A recent study identified huntingtin (HTT) as a crucial transcriptional hub in the regenerative state of CST neurons derived from NPC grafts [34]. In that study, the cell type-specific ribosome pull-down method was used to extract actively translated mRNA from CST neurons of mice with SCI.

Interestingly, injury alone triggered the regenerative state of the transcriptome, which was similar to gene expression in embryonic corticospinal neurons. NPCs grafts elongated this transcriptional reversal to an immature developing state and contributed to robust CST axon regeneration. Furthermore, HTT was found to be an upstream regulator of transcriptional change by bioinformatics technique. The beneficial effect of NPC grafts on axonal regeneration was diminished by the deletion of HTT in CST neurons [34].

Table 1

Examples of current studies using omics to identify potential targets for axon regeneration.

GeneIdentify MethodIn Vivo Manipulation/OutcomesReference
Cacna2d2Transcriptome analysis of DRG neurons during development and regenerationα2δ2 blockade by pregabalin/enhanced axon regeneration after SCI[27]
Lpar1Transcriptome analysis of CST sprouting neuronsLPAR1 blockage of LPAR1 by AM095/enhanced CST sprouting and functional recovery after pyramidotomy[29]
Lppr1Transcriptome analysis of CST sprouting neuronsAAV-mediated overexpression of LPPR1/enhanced CST sprouting and functional recovery after pyramidotomy[29]
huntingtinTranscriptome analysis of CST neurons after SCI with/without NPC graftsHTT cKO in CST neurons/diminished CST axon regeneration after SCI with NPC grafts[34]
Inpp5fFunctional genomic screening on cortical neuronsInpp5f KO mice/enhanced CST sprouting and functional recovery after SCI[35]
Rab27Genome-wide functional genomic screening on cortical neuronsRab27 KO mice/enhanced RGC regeneration after ONC, and enhanced RpST axon sprouting and functional recovery after SCI[36]

DRG, dorsal root ganglion; CST, corticospinal tract; RpST, raphespinal tract; SCI, spinal cord injury; NPC, neural progenitor cell; cKO, conditional knock out; KO; knock out; RGC, retinal ganglion cell; ONC, optic nerve crush.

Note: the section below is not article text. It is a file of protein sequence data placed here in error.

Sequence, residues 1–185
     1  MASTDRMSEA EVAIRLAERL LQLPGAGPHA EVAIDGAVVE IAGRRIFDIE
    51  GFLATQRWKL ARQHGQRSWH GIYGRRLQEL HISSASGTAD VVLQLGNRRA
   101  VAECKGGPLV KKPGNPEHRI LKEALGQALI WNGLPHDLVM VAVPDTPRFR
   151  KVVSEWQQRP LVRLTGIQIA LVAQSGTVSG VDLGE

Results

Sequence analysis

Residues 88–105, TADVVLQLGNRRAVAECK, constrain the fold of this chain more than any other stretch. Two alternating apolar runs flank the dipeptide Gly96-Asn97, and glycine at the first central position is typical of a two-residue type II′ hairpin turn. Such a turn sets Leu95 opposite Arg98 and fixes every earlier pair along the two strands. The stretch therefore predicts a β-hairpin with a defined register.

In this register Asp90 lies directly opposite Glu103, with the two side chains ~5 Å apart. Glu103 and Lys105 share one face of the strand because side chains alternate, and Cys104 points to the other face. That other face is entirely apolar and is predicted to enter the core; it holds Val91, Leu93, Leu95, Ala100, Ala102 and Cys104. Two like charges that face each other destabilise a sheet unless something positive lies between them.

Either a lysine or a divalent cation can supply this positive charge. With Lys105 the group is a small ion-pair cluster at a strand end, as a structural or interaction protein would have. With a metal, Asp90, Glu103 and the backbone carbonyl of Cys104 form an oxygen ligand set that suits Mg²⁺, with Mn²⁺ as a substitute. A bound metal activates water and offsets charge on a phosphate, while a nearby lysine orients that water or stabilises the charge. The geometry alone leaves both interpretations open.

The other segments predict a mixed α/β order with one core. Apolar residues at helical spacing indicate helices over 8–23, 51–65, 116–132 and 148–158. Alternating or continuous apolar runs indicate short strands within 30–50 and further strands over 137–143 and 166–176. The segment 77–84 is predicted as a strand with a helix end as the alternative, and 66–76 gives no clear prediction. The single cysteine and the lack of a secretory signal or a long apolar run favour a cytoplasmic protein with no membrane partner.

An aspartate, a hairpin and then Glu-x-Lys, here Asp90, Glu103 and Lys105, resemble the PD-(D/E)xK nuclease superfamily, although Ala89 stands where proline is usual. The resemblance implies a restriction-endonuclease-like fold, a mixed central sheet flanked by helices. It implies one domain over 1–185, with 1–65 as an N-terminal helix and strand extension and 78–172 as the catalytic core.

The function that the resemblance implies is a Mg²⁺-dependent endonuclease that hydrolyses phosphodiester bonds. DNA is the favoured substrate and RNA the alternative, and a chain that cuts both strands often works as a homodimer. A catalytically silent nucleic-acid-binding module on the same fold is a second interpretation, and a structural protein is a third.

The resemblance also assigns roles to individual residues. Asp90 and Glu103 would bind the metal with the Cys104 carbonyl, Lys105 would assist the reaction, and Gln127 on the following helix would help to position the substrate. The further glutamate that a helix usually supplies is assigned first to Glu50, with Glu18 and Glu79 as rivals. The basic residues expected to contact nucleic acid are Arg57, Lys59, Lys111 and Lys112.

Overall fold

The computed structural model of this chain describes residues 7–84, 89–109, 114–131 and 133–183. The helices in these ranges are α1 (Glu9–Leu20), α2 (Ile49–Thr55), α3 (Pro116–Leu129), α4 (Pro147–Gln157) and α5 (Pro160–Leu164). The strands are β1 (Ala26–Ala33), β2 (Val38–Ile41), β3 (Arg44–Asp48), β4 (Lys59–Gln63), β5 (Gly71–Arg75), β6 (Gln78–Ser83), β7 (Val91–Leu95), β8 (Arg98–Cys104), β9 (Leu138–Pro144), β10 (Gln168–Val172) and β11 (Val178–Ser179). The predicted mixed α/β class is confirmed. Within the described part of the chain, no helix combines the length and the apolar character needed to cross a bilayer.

Phenotypic screening of neuronal cells also emerged as a useful tool to identify new genes that regulate axon regeneration (Table 1). Inositol polyphosphate-5-phosphatase f (Inpp5f) was identified as a novel inhibitor of CNS axon regeneration using RNAi-mediated loss-of-function screen [35].

In this study, the screen was conducted with a focus on 219 phosphatases because of the limited number of genes encoding phosphatase in the mammalian genome, the relative possibility of developing small molecule compounds to block hit genes, and known examples of phosphatase that negatively regulate axon regeneration.

Cultured mouse cortical neurons were treated with lentiviral particles containing shRNA, neurites were mechanically scraped by pins, and regenerating axons in the scraped zone were visualized by β-III tubulin staining after several days of culturing.

Using this approach, 18 phosphatases, including phosphatase and tensin homolog (PTEN), were found to have a negative effect on axon regeneration. Among them, Inpp5f silencing led to the strongest increase in growth cone density as well as axon regrowth after injury. In addition, Inpp5f knockout mice showed enhanced CST axon sprout and recovery of motor function after mid-thoracic dorsal hemisection injury.

More recently, target genes were expanded to 16,000 genome-wide protein-coding genes representing about 70% of the predicted protein-coding genes [36]. These genes, including those of Rab GTPases, were enriched in pathways related to intracellular transport. Inhibition of axon regeneration by Rab27 was confirmed in vivo using an axotomy model of Caenorhabditis. elegans lacking rab-27 in GABAergic DD/VD neurons.

In addition, increased regeneration of the optic nerve was observed in Rab27 knockout mice after optic nerve crush. In this mouse, axon sprouting in raphespinal fibers was also increased, and functional recovery was improved after SCI, which was suggested to contribute to improved functional recovery.